There is a whole lot of love going on up in here!
(Yeah, I said up in here!)
I learned how to knit about 7 years ago, from a woman I love dearly, my friend Bria. Her mother taught her the simple knit stitch. She came down for Thanksgiving, I bought a book and some yarn and off we went! I actually still have my first scarf, as I cannot bear to part with it! (Don’t laugh – eyelash was the big thing at the time, so you’re lucky it wasn’t that!) I only knit scarves back then, and I could do two things. Knit and purl.
Knitting and I fell out of love for a few years, until my divorce. It shouldn’t shock you that I have no idea why I picked it back up, either! I do know that I picked up some kits from Morehouse Farms, and realized there were videos at my fingertips! I can honestly say that other than the knitted cast on, the knit and purl stitch, and how to cast off, everything I learned, I learned from a video. I’m self-taught, and to be honest, I like it that way. I knit in a manner that is comfortable for me, and I have been forced to actually learn the stitch, not just the motions to create one. Knowing that the internet brings thousands of resources to my fingertips is great! I have one other resource in my back pocket, and it’s perhaps the most precious one. My friends.
Along with numerous websites for videos and instructions, the internet has also brought the most wonderful group of people into my life. Through a few social websites, blogs, and the mother of all knitting sites Ravelry, the world is a much smaller place. I have met people who inspire, help and encourage me. I’ve truly been blessed with a group of friends that constantly remind me that I can knit anything that I want to knit, spin anything that I want to spin, and dye anything I want to dye. I can’t imagine how boring my fiber play would be if it was not for them.
One knitter who had a true passion for the craft was Elizabeth Zimmerman. Her works have become the holy grail for some, and have provided knitters with inspiration and courage over the years. She would have been 100 years old this month. She has left behind countless patterns and books, a wonderful publishing company called Schoolhouse press, as well as videos that were originally aired on PBS.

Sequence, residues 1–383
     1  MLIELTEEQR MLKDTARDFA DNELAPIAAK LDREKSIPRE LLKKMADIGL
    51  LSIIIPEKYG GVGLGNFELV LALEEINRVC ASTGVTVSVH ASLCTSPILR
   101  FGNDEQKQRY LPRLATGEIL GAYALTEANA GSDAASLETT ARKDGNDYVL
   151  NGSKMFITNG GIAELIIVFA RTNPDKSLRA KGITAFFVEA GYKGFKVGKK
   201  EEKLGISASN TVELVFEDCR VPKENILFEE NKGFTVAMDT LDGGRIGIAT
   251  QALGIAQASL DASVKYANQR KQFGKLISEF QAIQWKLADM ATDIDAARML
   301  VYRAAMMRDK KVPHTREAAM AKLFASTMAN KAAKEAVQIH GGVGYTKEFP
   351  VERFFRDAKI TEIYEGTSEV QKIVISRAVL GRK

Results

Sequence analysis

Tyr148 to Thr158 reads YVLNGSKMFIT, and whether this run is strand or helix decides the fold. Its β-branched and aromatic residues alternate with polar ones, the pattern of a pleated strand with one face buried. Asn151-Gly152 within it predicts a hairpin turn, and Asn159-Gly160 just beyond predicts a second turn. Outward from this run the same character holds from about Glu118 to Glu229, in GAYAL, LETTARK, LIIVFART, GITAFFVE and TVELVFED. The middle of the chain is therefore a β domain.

Years ago (and I can’t even find the book, I’m using Zonda’s), I purchased A Knitter’s Almanac, and was awestruck by what I found inside. EZ didn’t write line by line patterns. She didn’t even tell you what needle size to use! She just told her story, the construction techniques, then told you to get yarn, figure out your gauge and then knit using a few simple steps. It scared me. Until I got this book in my hands, I had done nothing but patterns that told me what to do and when to do it line by line. EZ doesn’t care what cast on you use, how you cast off, or what type of needles you use. It isn’t important.
Your enjoyment is.
In honor of EZ, I’ve decided to knit the pattern I originally bought the book for. The Mitered Mitten. (And, no, I can’t believe I was scared of knitting this)
I’ve opted to use my own handspun for this project for a few reasons. First,even before the yarn was done, Mini-Me claimed it for herself and said “Mittens!”. Second, there are many people along the Eastern Seaboard that have been displaced or who are going to be displaced because of Hurricane Earl. While there is little I can do to help these people, they should remember that no matter what, life always hands us a rainbow in the end.
This yarn was spun on my Ashford Travler, navajo plyed. I get about 12 WPI, and the fiber credit goes to the Wild Hare on Etsy. The color is Gratefully Dyed, and I absolutely loved spinning this up. I ended up with two skeins, both spun in the same fashion, so mitten #2 will be knit from the second skein. I doubt it will be a perfect match with regards to the striping, but EZ wouldn’t care. 😉